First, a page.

3. Rise of the idea of the publisher as a club eg the Guardian
  4. Events – margins can be low for an event so the trend is making it a festival of 2-3 days

He has a list of 11 business models that he recommends developing at least 3 of – do ask for his slides!

Ian McAuliffe of Think Publishing moderated a discussion on positioning your business for the future which gave insights from some very different types of publishers – presentations available:
Nick Flood, Dennis Publishing [Download Nick’s presentation]
Patrick Napier, Rock Sound [Download Patrick’s presentation]
Rebecca Allen, The Drum [Download Rebecca’s presentation]

Richard Spilsbury not only gave us a quiz which was a great way of bonding with other delegates but insight for publishers thinking of selling their business at some point – what to consider and some pitfalls to avoid.

The keynote speaker Catrin Griffiths, Editor, The Lawyer spoke honestly and inspiringly about her experience leading a prestigious brand through change. She explained the highs and lows of the journey of introducing paywalls, integrating content and data, and creating a market-leading brand.

Roundtable sessions were a good opportunity to share industry knowledge with peers and Kellie and I focussed on the people based ones: Talent Retention and Organisational Culture.

 

David Gilbey finished up with some more tips and highlights in his masterclass in digital publishing – again I’d highly recommend reviewing the presentation slides for ideas…

Then we had the awards, where Kellie was delighted to present the Editor of the year award to Sophie Griffiths from TTG Media! See the list of winners here 

Leave a Comment

Filed under Industry News & Events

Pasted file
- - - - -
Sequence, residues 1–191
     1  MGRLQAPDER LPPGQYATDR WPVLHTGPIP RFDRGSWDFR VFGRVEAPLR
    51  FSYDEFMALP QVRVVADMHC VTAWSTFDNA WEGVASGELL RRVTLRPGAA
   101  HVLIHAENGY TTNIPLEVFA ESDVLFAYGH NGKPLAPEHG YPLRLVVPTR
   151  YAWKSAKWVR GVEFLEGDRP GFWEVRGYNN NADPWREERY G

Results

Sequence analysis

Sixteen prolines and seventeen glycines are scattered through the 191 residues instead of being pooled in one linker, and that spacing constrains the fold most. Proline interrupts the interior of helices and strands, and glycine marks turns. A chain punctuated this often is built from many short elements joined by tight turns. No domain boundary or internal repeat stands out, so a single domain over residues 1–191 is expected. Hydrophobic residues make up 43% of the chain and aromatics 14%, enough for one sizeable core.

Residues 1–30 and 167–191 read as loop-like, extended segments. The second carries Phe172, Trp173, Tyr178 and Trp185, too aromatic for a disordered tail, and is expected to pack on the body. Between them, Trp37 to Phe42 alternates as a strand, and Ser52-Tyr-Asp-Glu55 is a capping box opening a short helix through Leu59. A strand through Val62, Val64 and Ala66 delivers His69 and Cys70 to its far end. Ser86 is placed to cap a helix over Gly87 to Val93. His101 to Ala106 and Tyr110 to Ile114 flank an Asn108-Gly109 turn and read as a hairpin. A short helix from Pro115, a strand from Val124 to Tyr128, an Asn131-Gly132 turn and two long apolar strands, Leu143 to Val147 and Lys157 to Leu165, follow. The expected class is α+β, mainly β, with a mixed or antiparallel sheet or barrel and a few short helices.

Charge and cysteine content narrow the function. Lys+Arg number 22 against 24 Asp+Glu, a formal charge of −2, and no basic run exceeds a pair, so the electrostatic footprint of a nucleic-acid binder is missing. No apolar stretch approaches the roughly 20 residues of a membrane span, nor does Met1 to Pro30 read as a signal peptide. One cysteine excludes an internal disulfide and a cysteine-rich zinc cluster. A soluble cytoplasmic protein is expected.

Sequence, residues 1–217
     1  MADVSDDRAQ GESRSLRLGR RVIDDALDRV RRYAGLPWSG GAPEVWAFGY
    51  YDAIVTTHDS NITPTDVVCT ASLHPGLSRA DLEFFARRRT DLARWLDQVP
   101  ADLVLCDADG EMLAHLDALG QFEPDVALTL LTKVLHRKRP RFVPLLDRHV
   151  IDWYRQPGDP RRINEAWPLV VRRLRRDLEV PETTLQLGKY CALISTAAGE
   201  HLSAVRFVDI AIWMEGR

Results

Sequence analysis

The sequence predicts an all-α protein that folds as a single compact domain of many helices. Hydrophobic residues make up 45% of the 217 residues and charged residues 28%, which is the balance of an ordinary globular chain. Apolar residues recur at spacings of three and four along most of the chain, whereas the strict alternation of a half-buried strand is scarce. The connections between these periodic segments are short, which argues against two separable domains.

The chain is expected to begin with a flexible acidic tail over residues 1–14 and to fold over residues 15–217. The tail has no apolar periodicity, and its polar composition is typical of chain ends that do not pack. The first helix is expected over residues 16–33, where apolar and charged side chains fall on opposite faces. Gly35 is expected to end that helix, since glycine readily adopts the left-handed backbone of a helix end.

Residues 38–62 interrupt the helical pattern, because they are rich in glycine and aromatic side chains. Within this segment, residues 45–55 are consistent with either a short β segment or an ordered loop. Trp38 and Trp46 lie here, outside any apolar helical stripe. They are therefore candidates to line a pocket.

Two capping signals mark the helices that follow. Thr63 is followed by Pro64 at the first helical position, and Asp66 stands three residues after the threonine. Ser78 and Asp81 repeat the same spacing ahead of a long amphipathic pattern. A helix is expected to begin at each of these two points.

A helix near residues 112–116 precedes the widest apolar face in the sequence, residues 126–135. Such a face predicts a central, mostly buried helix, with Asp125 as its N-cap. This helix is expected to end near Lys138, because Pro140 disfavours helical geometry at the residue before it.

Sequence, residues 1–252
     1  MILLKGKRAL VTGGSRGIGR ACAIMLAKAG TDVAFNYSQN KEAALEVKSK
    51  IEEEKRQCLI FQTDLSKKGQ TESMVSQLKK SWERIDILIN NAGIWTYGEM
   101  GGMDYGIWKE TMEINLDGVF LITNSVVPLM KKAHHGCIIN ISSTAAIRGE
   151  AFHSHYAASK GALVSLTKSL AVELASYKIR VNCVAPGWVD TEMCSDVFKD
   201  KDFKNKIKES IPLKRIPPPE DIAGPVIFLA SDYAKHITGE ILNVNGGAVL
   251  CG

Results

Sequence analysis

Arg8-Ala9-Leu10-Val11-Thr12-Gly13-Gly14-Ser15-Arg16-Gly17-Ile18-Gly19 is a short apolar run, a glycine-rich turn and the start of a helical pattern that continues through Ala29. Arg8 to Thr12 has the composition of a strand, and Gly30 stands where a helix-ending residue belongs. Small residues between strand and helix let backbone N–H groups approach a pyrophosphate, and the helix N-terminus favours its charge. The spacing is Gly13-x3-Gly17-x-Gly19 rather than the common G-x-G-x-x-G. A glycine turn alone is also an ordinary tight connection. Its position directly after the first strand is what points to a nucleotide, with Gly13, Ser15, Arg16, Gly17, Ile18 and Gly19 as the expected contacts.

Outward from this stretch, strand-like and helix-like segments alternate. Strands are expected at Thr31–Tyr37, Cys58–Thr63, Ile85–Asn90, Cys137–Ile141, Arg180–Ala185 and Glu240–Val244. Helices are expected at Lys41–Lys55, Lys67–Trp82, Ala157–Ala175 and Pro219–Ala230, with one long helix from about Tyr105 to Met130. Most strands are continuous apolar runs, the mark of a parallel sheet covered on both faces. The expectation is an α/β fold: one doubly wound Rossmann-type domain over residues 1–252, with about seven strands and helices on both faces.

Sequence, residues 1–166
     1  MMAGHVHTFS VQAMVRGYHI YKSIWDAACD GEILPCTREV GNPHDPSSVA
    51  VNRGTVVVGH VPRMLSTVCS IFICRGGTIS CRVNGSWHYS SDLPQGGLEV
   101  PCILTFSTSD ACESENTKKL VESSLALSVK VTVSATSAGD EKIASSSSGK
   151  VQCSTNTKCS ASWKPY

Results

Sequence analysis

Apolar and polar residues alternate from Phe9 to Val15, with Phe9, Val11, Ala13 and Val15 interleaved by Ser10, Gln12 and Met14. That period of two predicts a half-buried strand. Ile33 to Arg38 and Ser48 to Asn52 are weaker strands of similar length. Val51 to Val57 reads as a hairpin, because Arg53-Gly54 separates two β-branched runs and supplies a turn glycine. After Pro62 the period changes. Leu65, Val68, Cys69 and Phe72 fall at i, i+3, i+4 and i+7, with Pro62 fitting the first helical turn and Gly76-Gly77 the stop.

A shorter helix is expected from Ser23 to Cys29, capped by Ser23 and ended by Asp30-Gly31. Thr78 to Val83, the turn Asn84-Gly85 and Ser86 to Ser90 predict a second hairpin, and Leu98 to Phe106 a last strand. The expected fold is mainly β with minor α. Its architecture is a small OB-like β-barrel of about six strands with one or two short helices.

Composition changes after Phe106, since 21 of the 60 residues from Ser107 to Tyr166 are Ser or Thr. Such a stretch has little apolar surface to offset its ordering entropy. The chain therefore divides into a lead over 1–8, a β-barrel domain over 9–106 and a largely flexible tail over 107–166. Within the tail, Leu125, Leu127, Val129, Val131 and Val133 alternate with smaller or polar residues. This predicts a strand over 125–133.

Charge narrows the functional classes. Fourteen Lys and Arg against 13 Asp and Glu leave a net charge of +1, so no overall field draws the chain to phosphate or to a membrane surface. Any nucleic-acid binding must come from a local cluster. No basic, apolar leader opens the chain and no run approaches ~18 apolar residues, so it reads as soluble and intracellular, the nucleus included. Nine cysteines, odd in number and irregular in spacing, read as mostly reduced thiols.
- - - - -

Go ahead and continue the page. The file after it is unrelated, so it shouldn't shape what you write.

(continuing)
ALPSP Conference 2018

Atwood Tate is a long-term member of the Association of Learned & Professional Society Publishers (ALPSP) and were delighted to attend their conference 12 – 14 September 2018.  This conference plays a key role in scholarly publishing, and it attracted a high-level audience from all sectors including publishing people from academic, professional and STM publishing.  This conference provides an opportunity to share information and knowledge, learn about new initiatives, as well as engage in open discussion on the challenges and opportunities facing publishing.

 

I spent a day at the ALPSP conference and attended a number of fruitful talks, including Evolution of Peer Review, Industry Updates, Openness & Transparency in Scholarly Publishing and What’s New in the Digital Humanities.  The talks were very informative, and it also strengthens my knowledge in the field.  In particular, I enjoyed the talk by The Charlesworth Group where the speaker Jean Dawson talked about how scholarly publishers can use their service and promotes their works via WeChat to the Chinese audience.  Ann Michael from Delta Think made an interesting point on how data is never perfect so we need to build skills and team to fill the gaps.